Why the crisis of loneliness shows no signs of slowing down

MP Rachel Reees is co-chair of the Jo Cox Loneliness Commission. Picture: Tony Johnson
MP Rachel Reees is co-chair of the Jo Cox Loneliness Commission. Picture: Tony Johnson
0
Have your say

THE LONELINESS crisis “shows no sign of slowing down”, campaigners have warned, more than three years since The Yorkshire Post began an award-winning campaign to highlight its devastating blight on thousands of people in the region.

The Campaign to End Loneliness, partners in The Yorkshire Post’s Loneliness: The Hidden Epidemic campaign warned that chronic loneliness is “still cutting lives short” in the region, despite the issue coming to the forefront of national attention since we began campaigning in February 2014.

More than 91,000 older people in Yorkshire and the Humber say they are lonely some or most of time, and evidence shows it can contribute to dementia, high blood pressure and other health conditions.

Background: How Post campaign awoke politicians
to Britain’s forgotten social crisis

Rachel Reeves: We should all invest more in human relationships and bonds with others’
This newspaper, joined by Health Secretary Jeremy Hunt, campaigners, a Yorkshire MP and the sister of murdered MP Jo Cox, is now calling on our readers to take personal responsibility for those in our lives at risk of loneliness.

Leeds West Labour MP Rachel Reeves, co-chair of the Jo Cox Loneliness Commission, urged readers to simply “start a conversation” with those around them who are at risk of loneliness. The Commission launched a national call to action to encourage people to pledge to chat to neighbours, old friends or colleagues as a practical fix to the epidemic.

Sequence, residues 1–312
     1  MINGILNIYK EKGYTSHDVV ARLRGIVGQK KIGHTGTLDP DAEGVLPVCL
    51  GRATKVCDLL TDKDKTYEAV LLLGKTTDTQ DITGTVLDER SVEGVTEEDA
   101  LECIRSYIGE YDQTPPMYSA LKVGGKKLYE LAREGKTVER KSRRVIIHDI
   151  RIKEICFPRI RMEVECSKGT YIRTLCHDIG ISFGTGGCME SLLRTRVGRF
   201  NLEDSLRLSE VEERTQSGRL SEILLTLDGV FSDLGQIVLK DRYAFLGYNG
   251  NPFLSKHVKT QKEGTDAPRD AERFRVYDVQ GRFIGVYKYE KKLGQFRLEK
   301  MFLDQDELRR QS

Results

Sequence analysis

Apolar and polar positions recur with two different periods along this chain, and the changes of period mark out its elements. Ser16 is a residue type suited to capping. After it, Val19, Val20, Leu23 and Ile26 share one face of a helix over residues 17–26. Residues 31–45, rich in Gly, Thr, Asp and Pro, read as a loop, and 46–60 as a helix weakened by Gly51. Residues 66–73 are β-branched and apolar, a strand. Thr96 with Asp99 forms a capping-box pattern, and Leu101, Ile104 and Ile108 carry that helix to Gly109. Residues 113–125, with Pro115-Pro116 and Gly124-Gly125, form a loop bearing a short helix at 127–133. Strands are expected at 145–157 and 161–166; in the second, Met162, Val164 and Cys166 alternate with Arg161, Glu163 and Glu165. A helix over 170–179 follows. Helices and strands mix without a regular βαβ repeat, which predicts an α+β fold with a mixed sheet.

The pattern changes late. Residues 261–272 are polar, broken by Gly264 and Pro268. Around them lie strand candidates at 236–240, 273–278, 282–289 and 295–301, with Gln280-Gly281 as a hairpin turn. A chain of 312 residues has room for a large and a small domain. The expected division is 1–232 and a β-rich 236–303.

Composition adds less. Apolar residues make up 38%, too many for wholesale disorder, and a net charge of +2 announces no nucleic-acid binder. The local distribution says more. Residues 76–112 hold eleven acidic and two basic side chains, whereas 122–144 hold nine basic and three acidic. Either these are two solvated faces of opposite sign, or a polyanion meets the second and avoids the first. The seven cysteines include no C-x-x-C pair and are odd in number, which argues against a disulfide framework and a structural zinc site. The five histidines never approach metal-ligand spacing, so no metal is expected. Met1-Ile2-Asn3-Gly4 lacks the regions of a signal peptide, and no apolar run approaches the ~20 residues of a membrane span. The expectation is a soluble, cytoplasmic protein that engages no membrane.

She said: “The absence of human interaction is like hunger or thirst - a real human instinct that needs to be satisfied. But the truth is, there are too many people who don’t have that in their lives.

“Loneliness is something, that by its nature, we can only tackle together.”

Mrs Cox first announced her plans for a cross-party commission examining the crisis of loneliness in The Yorkshire Post in February 2016, just four months before her murder.

Her sister Kim Leadbeater said a “secret army” of volunteers were already letting people now “they are not alone” and applauded the Hidden Epidemic campaign for letting people know they “have the power to effect change”.

“Three quarters of people in Yorkshire say they have experienced loneliness, but nearly as many of us say we want to address it,” she said. “The answers lie in our own communities, in reaching out to those around us, rebuilding the networks which have been slowly crumbling and creating new networks and friendships.

“As with many of the issues that Jo felt passionately about, she believed this was beyond short-term party politics and instead about having the vision to see a better society and a fairer future for everyone.”

Last month The Department of Health launched a new Health and Wellbeing Fund aimed at helping voluntary organisations develop social prescribing projects, as part of its efforts to tackle loneliness.

Mr Hunt, who commended The Yorkshire Post for encouraging its readers to offer companionship to the chronically lonely, said loneliness could have a “devastating impact” on a person’s health and wellbeing.

Mr Hunt said: “This country should be the best in the world for growing old and it is important that we act together as a society and a government to ensure the social contract between generations.”

Executive director of Campaign to End Loneliness, Laura Alcock-Ferguson, said: “Three years on from the start of the Hidden Epidemic campaign, the epidemic of loneliness in older age is showing no signs of slowing down.

“The health impacts of loneliness can be devastating; it is worse for you than obesity, and as bad as smoking 15 cigarettes a day. Chronic loneliness is still cutting lives short – which is why we must continue to raise awareness of it.”